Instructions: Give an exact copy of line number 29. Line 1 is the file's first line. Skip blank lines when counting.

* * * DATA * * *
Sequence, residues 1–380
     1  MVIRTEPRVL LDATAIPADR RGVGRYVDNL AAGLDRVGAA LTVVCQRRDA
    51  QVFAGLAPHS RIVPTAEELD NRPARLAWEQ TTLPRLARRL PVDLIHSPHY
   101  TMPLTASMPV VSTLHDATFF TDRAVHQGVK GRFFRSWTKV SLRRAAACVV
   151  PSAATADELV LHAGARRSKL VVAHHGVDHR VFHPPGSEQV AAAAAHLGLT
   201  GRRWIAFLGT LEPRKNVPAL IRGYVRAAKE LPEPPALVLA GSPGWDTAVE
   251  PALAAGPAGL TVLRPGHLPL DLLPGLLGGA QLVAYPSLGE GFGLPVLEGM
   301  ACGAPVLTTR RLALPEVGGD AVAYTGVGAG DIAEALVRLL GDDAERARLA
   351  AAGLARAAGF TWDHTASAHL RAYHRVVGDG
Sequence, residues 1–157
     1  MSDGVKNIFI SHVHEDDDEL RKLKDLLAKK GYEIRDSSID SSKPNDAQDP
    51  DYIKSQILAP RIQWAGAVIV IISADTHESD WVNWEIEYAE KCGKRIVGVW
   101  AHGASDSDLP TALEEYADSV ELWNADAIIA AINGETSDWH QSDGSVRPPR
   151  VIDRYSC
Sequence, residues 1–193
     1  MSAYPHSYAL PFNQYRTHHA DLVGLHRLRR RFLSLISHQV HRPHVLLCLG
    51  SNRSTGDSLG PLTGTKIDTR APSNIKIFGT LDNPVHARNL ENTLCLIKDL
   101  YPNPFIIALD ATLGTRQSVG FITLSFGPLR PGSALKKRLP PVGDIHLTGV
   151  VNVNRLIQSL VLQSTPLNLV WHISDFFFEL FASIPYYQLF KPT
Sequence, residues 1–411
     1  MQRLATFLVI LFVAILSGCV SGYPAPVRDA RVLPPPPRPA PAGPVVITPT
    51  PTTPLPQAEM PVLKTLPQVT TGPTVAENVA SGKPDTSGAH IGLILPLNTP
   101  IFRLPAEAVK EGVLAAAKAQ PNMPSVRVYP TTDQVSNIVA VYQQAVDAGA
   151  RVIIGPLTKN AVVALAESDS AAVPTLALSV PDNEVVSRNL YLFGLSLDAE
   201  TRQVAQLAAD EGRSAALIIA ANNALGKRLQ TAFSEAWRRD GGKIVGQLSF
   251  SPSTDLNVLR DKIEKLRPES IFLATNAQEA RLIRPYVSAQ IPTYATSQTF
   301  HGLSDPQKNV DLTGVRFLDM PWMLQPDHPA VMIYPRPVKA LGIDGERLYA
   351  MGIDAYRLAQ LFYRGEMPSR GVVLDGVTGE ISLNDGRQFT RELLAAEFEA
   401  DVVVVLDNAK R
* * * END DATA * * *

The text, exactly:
   401  DVVVVLDNAK R